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North Korea Signals Will to Cross US Red Line Amid Deadlocked Nuclear Talks

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North Korea Signals Will to Cross US Red Line Amid Deadlocked Nuclear Talks

In a Politburo meeting held on Wednesday, North Korea implied that its “confidence-building measures” can be withdrawn after the U.S. imposed sanctions over its ballistic missile tests.  

North Korea Signals Will to Cross US Red Line Amid Deadlocked Nuclear Talks
Credit: Depositphotos

North Korea held a Politburo meeting of the ruling Workers’ Party of Korea (WPK) on Wednesday and discussed “immediate work and important policy issues,” according to Korea Central News Agency (KCNA), North Korea’s state media. KCNA reported that North Korean leader Kim Jong Un attended and presided over the meeting.

North Korea discussed two main agenda items in this meeting: celebration of the birth anniversaries of Kim Il Sung and Kim Jong Il, current leader Kim Jong Un’s grandfather and father, respectively, and the current situation around the Korean Peninsula, especially about the U.S. “hostile policy” and sanctions.

North Korea accused the United States of threatening its security by conducting joint military drills with South Korea and deploying strategic nuclear weapons in and around the Korean Peninsula after the North Korea-U.S. summit meetings, while Pyongyang has been suspending intercontinental ballistic missile (ICBM) and nuclear tests as a friendly gesture to build trust and improve relations with the U.S.

As a countermeasure to the U.S. “hostile policy,” North Korea implied that it may resume testing ICBMs and nuclear weapons as part of its plan to beef up the country’s military and missile capabilities for its “self-defense.” North Korea has self-imposed a moratorium on ICBM and nuclear tests since 2018 as a part of its “confidence-building” measures for the nuclear talks with the United States. However, after the U.S. and North Korea failed to reach a deal at their 2019 summit in Hanoi, Kim later said that he no longer felt bound by this self-moratorium, resetting his policy and approach on the nuclear talks and inter-Korean relations. Despite that, North Korea has so far refrained from ICBM or nuclear tests, instead test-firing a variety of shorter-ranged missiles.

At the party meeting, North Korean leaders assessed “that the hostile policy and military threat by the U.S. have reached a danger line that cannot be overlooked any more despite our sincere efforts to maintain the general trend of easing tension on the Korean peninsula since the DPRK-U.S. summit in Singapore,” KCNA said in a statement on Wednesday. (DPRK is an anonym of North Korea’s official name: Democratic People’s Republic of Korea).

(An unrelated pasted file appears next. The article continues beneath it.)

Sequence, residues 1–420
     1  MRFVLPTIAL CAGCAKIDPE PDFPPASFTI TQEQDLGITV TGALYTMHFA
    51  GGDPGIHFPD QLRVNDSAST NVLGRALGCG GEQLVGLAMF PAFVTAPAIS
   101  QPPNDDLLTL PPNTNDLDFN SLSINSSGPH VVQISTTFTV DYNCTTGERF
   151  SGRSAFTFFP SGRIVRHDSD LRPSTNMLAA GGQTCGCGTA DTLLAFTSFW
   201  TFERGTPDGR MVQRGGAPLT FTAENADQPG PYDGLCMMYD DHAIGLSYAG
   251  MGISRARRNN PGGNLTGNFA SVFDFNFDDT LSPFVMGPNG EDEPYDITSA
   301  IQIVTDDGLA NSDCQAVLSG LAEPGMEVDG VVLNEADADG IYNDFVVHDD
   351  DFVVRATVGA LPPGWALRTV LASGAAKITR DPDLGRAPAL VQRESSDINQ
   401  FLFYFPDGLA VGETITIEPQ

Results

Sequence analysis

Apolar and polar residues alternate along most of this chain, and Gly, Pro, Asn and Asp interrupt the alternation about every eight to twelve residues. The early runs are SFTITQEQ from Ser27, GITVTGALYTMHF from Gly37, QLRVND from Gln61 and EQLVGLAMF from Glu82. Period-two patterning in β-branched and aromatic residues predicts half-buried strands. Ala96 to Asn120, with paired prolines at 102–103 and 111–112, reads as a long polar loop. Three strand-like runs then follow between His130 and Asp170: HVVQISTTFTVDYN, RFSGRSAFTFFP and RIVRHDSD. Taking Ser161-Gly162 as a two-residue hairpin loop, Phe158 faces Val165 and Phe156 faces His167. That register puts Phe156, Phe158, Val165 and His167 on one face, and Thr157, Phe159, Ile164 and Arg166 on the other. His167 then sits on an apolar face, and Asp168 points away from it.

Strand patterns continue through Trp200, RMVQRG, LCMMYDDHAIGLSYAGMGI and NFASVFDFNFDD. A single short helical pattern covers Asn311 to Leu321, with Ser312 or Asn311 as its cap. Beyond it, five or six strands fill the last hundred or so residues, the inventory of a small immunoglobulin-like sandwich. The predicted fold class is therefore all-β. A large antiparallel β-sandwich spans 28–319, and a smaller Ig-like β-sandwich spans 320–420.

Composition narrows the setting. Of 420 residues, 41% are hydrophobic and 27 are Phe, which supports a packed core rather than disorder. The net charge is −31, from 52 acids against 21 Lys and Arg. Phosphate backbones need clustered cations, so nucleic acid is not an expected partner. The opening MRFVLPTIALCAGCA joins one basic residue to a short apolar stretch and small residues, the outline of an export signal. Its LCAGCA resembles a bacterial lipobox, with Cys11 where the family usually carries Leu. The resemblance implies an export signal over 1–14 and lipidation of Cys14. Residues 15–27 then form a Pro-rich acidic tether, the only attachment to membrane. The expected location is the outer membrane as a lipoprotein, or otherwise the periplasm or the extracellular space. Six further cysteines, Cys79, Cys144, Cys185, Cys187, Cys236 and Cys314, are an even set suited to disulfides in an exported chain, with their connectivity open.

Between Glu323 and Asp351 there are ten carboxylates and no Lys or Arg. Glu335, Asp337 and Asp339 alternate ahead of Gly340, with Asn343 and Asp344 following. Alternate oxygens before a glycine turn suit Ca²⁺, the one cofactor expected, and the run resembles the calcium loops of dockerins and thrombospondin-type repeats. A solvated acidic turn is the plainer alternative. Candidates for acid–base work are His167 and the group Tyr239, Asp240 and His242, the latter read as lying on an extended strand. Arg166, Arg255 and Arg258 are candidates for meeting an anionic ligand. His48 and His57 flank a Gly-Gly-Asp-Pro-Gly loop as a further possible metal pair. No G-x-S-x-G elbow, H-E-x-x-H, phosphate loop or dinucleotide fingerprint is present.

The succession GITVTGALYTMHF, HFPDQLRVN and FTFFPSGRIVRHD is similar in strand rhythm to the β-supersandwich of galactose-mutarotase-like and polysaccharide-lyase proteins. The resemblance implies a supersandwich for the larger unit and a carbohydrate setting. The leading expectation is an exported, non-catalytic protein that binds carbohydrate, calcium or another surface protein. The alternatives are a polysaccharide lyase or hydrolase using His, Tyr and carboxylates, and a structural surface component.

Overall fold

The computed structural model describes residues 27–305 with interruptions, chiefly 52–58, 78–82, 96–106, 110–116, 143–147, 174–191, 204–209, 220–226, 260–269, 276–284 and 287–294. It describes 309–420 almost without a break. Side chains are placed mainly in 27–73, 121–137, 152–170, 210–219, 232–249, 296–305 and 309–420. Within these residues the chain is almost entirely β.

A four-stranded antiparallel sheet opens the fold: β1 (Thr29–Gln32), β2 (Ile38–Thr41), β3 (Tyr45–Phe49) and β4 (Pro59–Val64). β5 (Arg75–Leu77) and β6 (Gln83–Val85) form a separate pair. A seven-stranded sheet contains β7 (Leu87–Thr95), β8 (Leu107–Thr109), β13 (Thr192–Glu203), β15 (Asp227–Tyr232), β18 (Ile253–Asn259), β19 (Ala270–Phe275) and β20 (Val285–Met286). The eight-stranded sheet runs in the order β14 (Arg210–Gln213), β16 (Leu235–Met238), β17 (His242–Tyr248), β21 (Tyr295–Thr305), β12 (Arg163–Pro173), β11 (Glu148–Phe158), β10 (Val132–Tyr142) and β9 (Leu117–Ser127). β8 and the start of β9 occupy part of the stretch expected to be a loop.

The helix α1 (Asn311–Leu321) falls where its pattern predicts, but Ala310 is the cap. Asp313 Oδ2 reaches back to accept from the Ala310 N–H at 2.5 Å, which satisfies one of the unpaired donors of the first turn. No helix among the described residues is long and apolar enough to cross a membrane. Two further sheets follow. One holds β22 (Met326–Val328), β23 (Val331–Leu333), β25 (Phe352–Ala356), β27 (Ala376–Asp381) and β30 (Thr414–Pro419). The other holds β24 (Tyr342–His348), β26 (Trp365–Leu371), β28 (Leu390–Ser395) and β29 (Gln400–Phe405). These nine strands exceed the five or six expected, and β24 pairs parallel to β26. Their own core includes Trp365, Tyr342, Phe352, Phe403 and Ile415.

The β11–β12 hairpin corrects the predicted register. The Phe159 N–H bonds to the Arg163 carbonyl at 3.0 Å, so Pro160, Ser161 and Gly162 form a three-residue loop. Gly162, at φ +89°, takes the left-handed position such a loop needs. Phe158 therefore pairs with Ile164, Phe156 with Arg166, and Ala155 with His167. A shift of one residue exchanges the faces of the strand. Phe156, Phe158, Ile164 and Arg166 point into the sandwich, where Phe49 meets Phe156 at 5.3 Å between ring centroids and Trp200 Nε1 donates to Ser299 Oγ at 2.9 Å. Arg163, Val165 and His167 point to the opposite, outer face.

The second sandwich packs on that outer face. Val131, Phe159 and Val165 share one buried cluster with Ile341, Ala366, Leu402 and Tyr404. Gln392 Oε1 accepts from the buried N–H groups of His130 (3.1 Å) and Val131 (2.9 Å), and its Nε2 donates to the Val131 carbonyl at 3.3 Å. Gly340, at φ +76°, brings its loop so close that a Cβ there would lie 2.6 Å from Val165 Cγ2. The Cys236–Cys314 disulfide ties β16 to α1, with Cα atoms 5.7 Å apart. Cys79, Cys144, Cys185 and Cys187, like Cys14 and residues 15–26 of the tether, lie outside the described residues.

“…[T]he Political Bureau of the Central Committee of the WPK concluded that we switch over to a practical action to bolster up our physical strength for defending the dignity, sovereign rights and interests of our state in a more reliable and credible manner.”

It also criticized the recent U.S. decision to impose sanctions on six North Korean individuals who are involved in the development of the ballistic missiles and weapons of mass destruction (WMD) program. KCNA pointed out the U.S. “committed the rash act of adopting unilateral sanctions for over 20 times.”

Since the North Korea-U.S. nuclear talks fell apart after the “no-deal” Hanoi summit meeting in 2019, Pyongyang has been adamant that Washington and Seoul’s efforts are not enough to restore the dialogues. It once pinned the blame on Seoul for failing to persuade Washington to lift the crippling economic sanctions, even though the main reason for the failed Hanoi summit was then-U.S. President Donald Trump and Kim’s different views on the scope of the denuclearization process and lifting economic sanctions in return.

More clearly, the U.S. insistence on Complete Verifiable Irreversible Denuclearization (CVID) of the Korean Peninsula was not acceptable for Kim. He will never give up his nuclear weapons in a way that matches CVID.

Since then, North Korea has criticized the United States’ so-called “hostile policy” in a bid to entice the U.S. to make concessions – lifting economic sanctions and ending the joint South Korea-U.S. military drills – first before renewing the talks.

Responding to Pyongyang’s clear stance, the Biden administration has said that it has no “hostile intent” toward North Korea and has expressed its willingness to meet the North Korean counterparts “anytime, anywhere, with no preconditions.” However, the COVID-19 pandemic has made the North more isolated than ever. Pyongyang has no interest in diplomacy with the U.S. when the country is facing devastating food shortages and a sluggish economy.

In the wake of North Korea’s recent series of short-range ballistic missile tests, the U.N. Security Council (UNSC) will hold a closed-door meeting on Thursday to discuss North Korea and non-proliferation issues. The meeting may spark another response from Pyongyang. North Korea conducted its second hypersonic missile test of 2022 on January 11, two hours after Linda Thomas-Greenfield, the U.S. ambassador to U.N., condemned the North’s January 5 hypersonic missile test in a joint statement.

North Korea has constantly insisted that the purpose of its missile tests is strengthening its self-defense, not targeting specific countries. However, UNSC resolutions ban North Korea from testing and developing any ballistic missiles, regardless of range. North Korea thinks the U.S. and international community are violating its right to conduct military activities for self-defense.

If UNSC imposes new sanctions over the North’s missile tests after the meeting, North Korea will likely show off the follow-up steps it discussed in the Politburo meeting on Wednesday.